That's the real world

View attachment 27924
View attachment 27925View attachment 27925
Dammm, that just proves the sea in the Gulf of Mexico is pretty flat !! lol.

On a more serious note, thank you for this comment. I can't say I routinely go our 50-150 mile out, and my VHFs have not been most stellar aside from their antennas, so I'll defer to your judgment and experience.

Great pics, man!

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Swatski

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The CG has maybe a 300 foot tower and they are not using just 25 watts
Well, yes. That's kind of the point I was trying to make about the transmission part of the equation.
Which is what really matters, sometimes.

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GoodChance

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8' Vhf Ver 3' Vhf. You won't believe who won. - The Hull Truth - Boating and Fishing Forum

FYI - If if you must hold-your-nose to visit THT, they occasionally have some good, real-world information. This post from THT is one of these and the results posted here mimic the real-world results that I've seen with VHF antennas.

While in theory an 8ft antenna should be be better performing than a 3 or 4ft antenna....... in the real world, this isn't always the case. For example, 2 weeks back I was 115 miles due west of Tampa and with a "short" 4ft Digital antenna mounted on a standard T-top, I could hear transmission from the Bay pilots in Tampa.

Take this FWIW.
 

Andy

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8' Vhf Ver 3' Vhf. You won't believe who won. - The Hull Truth - Boating and Fishing Forum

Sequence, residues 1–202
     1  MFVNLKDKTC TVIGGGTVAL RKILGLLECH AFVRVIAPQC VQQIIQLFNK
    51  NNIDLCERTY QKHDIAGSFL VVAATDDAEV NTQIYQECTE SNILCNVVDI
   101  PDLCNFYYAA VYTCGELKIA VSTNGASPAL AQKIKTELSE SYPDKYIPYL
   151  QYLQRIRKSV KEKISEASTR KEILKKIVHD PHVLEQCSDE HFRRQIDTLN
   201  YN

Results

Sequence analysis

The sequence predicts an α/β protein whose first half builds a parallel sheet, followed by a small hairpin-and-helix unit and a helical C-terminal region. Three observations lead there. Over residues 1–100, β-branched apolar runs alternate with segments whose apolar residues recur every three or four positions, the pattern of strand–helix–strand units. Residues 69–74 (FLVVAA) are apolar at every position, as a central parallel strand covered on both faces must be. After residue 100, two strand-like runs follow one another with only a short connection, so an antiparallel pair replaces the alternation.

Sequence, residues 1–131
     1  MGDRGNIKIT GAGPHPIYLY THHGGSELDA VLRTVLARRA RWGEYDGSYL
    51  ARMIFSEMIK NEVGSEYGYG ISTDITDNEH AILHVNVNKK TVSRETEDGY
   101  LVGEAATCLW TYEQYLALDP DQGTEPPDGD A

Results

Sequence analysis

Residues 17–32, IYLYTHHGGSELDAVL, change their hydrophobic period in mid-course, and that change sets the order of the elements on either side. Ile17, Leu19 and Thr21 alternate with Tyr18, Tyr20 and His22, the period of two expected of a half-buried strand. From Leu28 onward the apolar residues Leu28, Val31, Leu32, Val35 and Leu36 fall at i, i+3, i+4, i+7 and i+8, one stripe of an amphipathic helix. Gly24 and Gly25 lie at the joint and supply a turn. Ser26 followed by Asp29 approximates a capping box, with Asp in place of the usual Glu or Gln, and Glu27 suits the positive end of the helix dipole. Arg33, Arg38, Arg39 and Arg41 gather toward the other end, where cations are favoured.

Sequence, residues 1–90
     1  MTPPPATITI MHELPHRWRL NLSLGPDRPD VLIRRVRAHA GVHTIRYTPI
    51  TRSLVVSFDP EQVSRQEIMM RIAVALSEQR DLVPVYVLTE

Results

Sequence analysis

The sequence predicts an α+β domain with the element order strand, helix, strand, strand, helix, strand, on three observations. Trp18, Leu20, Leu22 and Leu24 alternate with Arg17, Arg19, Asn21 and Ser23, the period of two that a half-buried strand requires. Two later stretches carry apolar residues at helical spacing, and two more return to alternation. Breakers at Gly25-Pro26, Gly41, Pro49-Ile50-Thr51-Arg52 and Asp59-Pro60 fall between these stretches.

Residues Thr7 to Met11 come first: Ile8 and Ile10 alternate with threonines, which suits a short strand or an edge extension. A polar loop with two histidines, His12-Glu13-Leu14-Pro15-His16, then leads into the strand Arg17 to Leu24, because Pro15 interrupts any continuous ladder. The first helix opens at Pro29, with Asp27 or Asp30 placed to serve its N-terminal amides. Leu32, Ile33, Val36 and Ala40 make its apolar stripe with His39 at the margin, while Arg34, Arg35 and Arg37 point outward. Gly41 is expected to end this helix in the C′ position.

FYI - If if you must hold-your-nose to visit THT, they occasionally have some good, real-world information. This post from THT is one of these and the results posted here mimic the real-world results that I've seen with VHF antennas.

While in theory an 8ft antenna should be be better performing than a 3 or 4ft antenna....... in the real world, this isn't always the case. For example, 2 weeks back I was 115 miles due west of Tampa and with a "short" 4ft Digital antenna mounted on a standard T-top, I could hear transmission from the Bay pilots in Tampa.

Take this FWIW.
Others here have mentioned this. "What you are 'receiving' has a lot to do with who's sending. How high and how powerful is their equipment?" And, the person from THT didn't say he could transmit that far; just receive, which would not be useful in an emergency situation. Atmospheric conditions also play a role; there are many days I can 'hear' transmissions from the Chesapeake Bay area (also from Pilot base stations). I'm 116 miles south of Norfolk (the way the crow flies). They would not be able to hear me. I mentioned once before how, with similar, tall 9db antennas, on two boats 48 miles apart, we could communicate; both send and receive. We could not, even if one of us switched to our 8' antennas (we both, had both on the boats)... Plus, what the person from THT assumed is that since he could hear the transmission from 115 miles, with a 4 ft antenna, that would be the same with an 8'. Well, it was likely, that same day, someone with an 8' antenna, or a 28' antenna would have heard the same transmission, much farther out. (But they too, would still not be able to 'communicate').... Marine VHF radios transmit 25w on the high setting. For a variety of reasons, a lot of those radio are not 'producing' 25w of broadcast power... One last thought; One persons single-episode experience does not constitute a 'study'... Have you heard of the 'Jump-Spider-Jump' experiment?